Somewhat related to: Is "to fight with" ambiguous?

For some reason prepositions are presenting me problems lately.

To struggle with and to struggle against basically have identical definitions, meaning to fight with/against, respectively.

Is there any distinction in meaning when one is trying to say, "I experienced something negative and there was a sense of conflict between me and the entity"?

For example, is there a distinction in meaning between:

In the past I have struggled with entitlement and greed.


In the past I have struggled against entitlement and greed.

If there is no distinction, is one preferable and/or more popular than the other? Thanks.

3 Answers 3


I see an important distinction between those two sentences. To me the use of "with" implies a more personal struggle. If you say

In the past I have struggled with entitlement and greed.

You're saying that you personally have been entitled and greedy, and you are trying to not be. Whereas, if you say

In the past I have struggled against entitlement and greed.

You are saying that you are fighting against other people's entitlement and greed.

However, I'm not sure that these distinctions are universally recognized. There are definitely examples where the meanings are clearly different, however. Take

In the past I have struggled with humility.


In the past I have struggled against humility.

These sentences have opposite meanings. "Struggled with" can mean both "struggled to have" and "struggled to not have".

  • That is exactly how I interpret the distinction, as well, for whatever that is worth.
    – The Nate
    Commented Jul 8, 2016 at 20:18

Also consider 'struggle between', 'struggle versus', and 'struggle through' which I go into further detail below.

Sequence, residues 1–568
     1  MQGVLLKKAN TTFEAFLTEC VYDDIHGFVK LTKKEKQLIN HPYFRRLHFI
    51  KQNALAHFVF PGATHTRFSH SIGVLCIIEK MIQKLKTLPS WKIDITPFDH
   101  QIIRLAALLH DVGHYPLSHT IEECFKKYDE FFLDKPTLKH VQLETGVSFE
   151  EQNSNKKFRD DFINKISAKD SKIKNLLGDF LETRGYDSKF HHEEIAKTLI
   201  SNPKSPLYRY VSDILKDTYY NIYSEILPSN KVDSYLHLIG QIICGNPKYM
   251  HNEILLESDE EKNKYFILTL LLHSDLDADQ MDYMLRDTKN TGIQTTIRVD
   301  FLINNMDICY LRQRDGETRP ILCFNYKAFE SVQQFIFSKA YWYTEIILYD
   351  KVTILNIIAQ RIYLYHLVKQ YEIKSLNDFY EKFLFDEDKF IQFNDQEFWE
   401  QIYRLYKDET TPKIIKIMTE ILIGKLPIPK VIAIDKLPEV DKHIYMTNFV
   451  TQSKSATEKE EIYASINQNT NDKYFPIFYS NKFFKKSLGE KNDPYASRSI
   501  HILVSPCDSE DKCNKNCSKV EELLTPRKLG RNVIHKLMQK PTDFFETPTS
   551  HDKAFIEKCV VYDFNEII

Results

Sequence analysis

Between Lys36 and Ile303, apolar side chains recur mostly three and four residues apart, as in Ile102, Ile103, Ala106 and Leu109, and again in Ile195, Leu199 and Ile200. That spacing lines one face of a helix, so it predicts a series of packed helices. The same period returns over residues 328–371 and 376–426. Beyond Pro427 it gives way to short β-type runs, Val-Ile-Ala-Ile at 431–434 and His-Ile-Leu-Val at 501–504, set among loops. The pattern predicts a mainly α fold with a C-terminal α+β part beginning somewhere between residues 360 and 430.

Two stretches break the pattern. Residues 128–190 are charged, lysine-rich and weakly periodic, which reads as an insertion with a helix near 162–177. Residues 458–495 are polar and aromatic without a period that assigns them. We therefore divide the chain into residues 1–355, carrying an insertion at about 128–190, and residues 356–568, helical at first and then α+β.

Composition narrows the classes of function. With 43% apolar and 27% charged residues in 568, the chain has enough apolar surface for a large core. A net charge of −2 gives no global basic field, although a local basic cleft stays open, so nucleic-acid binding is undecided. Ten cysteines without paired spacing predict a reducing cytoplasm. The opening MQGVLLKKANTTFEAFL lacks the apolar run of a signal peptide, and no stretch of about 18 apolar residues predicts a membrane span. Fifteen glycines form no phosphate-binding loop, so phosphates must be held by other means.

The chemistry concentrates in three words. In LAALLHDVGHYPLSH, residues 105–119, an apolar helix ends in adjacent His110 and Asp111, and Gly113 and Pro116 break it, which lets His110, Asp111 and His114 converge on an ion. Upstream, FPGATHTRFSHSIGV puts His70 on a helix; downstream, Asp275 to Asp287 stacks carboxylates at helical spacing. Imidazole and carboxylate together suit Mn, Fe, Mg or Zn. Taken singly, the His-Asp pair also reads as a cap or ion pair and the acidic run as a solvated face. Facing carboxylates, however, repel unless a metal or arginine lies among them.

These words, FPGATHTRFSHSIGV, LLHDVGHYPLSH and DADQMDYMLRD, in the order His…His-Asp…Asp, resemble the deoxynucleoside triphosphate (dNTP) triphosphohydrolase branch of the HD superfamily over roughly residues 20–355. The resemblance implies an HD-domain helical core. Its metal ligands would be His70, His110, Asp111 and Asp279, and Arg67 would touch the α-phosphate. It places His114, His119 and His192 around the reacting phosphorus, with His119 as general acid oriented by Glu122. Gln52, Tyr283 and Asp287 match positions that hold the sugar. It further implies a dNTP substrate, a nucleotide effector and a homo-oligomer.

They're synonyms, although 'struggle against' has more of a connotation of a bigger battle against the idea that one struggles with. One can 'struggle with' an addiction but a 'struggle against' addiction suggests that the struggle is much tougher to overcome.

Another main difference is that 'struggle with' can be used to describe sharing the same struggle with someone else, as in 'I struggled with her', although this sentence can also mean that you're struggling against her. This ambiguity means that the writer must write appropriate context before the sentence lest he confuse the reader. A way to avoid this is by rewriting 'I struggled with her' to 'we both struggled with'.

Google Ngrams results:

'Struggle against' was more popular in the 20th century although 'struggle with' has overcome it in the 21st.

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More Ngrams:

struggle with/against *

struggle with/against a *

The results show that 'against' is used for formidable opponents or societal/political ideals, e.g. 'struggle against a common [enemy], struggle against a nation, struggle against a system'. 'With' is used when the object of struggle is more local or personal.

struggle with/against the *

There are similar results when the article is instead 'the'. An interesting difference is that 'with' is used when the struggle concerns man vs. nature.

Even more Ngrams:

struggled with/against *

struggled with/against the *

struggled with/against a *

struggles with/against *

struggles with/against the *

struggles with/against a *

struggling with/against *

struggling with/against the *

struggling with/against a *

struggle with her own *, struggle with his own *, struggle with their own *

struggle against her own *, struggle against his own *, struggle against their own *

struggle with/against its *

struggle with/against this *

struggle with/against an *

There also exist some useful alternatives, for example 'versus'. 'Struggle versus' could be a nice middle-of-the-road alternative to 'with' or 'against'; it's not so antagonistic as 'against' and not so vague as 'with'.

e.g. struggle versus addiction, struggle with addiction, struggle against addiction

The word 'for' can also be used when the 'struggle' is in aim of some objective/ideal:

e.g. struggle for freedom, struggle for victory, struggle for justice, struggle for wealth.